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Published on June 8th, 2018 | by Miriam Porter

Five Amazing Toronto Neighbourhoods To Explore This Summer.

Toronto’s motto is “diversity is our strength”, and it’s easy to see why after spending time in ‘The Six’. You can’t possibly check out all of Toronto’s unique and flourishing neighbourhoods in just one visit, so plan to stay awhile and slowly check them off your list.

In fact, there are so many unique Toronto neighbourhoods we can’t cover them all in one article!

This is the first of a three-part series showcasing all that Toronto has to offer, stay tuned throughout the summer for two more installments. Here are five not to miss Toronto neighborhoods to get you started.

Kensington Market.

Known around town as one of Toronto’s most animated and diverse neighbourhoods, Kensington Market is located slightly west of the downtown core and bordered by Spadina Avenue, Dundas Street, Bathurst Street and College Street. Kensington Market is one of the best street markets in North America and packed with cool alternative shops. You never know what treasure you will find in a back alley or narrow street as you weave past the colourful old Victorian homes dating back to the 1920’s. Browse through vintage clothing stores, thrift shops, organic produce, ethnic foods from Europe, the Middle East, Asia, South America, the Caribbean, and one of a kind gifts at Blue Banana Market on Augusta Avenue. Enjoy a fair-trade coffee or tea on the outdoor patio at Moonbeam Coffee Company as you ‘people watch’ in fascination. Car free Sundays start on May 27 and happen once a month on the last Sunday until the end of September and you will find musicians playing in the streets, food vendors, and fun around every funky corner.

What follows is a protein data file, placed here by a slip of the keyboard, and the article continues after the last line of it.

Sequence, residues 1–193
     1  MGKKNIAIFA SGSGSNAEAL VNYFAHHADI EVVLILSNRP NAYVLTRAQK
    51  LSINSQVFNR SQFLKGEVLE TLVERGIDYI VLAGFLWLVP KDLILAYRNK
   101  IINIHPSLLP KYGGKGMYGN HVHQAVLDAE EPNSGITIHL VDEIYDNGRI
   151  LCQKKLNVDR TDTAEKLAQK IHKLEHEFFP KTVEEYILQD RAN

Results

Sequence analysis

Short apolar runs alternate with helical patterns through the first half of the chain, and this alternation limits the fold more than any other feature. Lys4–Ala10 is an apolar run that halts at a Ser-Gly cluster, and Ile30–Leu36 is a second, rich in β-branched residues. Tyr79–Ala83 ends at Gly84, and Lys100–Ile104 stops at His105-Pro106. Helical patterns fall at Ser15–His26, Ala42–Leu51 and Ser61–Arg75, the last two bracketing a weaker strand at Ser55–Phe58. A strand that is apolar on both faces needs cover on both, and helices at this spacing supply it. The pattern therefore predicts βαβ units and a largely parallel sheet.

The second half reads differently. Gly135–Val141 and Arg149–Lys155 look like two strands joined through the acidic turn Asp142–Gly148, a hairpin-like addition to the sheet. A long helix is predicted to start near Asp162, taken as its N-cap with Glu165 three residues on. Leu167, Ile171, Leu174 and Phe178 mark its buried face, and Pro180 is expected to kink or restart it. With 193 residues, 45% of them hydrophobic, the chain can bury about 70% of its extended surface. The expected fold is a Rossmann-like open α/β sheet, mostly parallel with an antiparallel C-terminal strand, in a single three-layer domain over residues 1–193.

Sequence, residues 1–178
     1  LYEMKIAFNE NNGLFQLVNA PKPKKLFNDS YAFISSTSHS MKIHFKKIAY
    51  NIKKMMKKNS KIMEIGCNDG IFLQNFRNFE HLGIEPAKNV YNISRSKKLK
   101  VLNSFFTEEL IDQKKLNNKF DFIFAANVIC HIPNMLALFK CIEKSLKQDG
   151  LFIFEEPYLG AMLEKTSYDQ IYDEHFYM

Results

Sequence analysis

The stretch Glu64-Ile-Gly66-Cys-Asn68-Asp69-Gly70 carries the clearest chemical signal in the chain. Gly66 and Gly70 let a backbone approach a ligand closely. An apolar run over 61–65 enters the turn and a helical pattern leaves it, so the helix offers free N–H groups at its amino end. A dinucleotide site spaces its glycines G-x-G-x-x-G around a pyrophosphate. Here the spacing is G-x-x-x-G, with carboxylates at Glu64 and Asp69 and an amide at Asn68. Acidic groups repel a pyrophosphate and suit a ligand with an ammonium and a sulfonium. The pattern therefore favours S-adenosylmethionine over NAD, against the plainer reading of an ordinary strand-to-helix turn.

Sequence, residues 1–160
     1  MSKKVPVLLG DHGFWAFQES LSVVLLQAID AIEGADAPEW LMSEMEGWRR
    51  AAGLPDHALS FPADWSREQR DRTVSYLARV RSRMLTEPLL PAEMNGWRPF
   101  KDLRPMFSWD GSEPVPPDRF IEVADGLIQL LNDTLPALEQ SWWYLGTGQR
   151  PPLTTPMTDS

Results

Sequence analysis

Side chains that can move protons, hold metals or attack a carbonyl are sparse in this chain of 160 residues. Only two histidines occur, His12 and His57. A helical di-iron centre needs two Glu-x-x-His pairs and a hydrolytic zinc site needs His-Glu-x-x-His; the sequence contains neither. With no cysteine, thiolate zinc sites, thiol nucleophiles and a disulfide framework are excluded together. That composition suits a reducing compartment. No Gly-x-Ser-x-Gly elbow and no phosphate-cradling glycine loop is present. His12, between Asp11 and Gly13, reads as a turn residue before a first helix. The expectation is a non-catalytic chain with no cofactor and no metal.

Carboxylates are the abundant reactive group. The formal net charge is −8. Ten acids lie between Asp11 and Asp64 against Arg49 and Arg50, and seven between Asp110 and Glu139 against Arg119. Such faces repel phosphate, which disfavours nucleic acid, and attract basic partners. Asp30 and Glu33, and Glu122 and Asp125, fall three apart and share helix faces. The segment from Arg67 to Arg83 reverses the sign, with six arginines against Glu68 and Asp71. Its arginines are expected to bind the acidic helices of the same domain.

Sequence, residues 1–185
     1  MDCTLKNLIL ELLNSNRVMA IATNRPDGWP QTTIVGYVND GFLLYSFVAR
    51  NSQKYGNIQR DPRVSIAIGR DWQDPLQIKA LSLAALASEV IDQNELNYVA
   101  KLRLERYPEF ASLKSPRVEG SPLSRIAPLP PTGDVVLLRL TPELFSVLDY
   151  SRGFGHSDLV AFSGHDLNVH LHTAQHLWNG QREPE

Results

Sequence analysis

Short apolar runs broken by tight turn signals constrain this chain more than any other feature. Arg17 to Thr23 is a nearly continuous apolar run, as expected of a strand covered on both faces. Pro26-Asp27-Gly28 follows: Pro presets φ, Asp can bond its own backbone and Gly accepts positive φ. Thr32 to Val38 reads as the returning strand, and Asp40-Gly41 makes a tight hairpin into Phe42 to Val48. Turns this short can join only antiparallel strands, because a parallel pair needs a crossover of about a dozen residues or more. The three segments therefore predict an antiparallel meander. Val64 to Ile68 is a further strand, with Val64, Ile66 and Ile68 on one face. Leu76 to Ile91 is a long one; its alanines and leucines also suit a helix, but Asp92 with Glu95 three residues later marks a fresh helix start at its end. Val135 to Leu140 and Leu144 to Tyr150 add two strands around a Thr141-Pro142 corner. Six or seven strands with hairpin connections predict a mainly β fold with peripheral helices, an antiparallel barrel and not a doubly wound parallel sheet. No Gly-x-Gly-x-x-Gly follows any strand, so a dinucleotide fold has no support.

Art in Kensington. Photo courtesy of Suwannee Payne, Wikimedia Commons.

The Junction.

A visit to West Toronto’s Junction neighbourhood is both relaxing and entertaining. This trendy neighbourhood occupies areas around Bloor Street, Dupont Street, Lansdowne Avenue and Dundas Street. The area is roughly in the shape of a triangle and bordered by three sets of railroad tracks and often called “The Junction Triangle”. If you crave health food you are in luck with plenty of juice bars and delicious restaurants. Dine at Grasshopper Restaurant on Dundas Street West for a tasty plant based meal featuring Japanese/American inspired comfort foods that are entirely vegan. There are many health and wellness options beyond food, as well as art and design shops, furniture stores, antiques, and cool items to decorate your home. Stick around when the sun goes down for a thriving nightlife at various venues including Hole In The Wall, a cozy location with live music.

The Junction at Keele and Dundas. Photo courtesy of Chris Tyler, Wikimedia Commons.

Distillery District.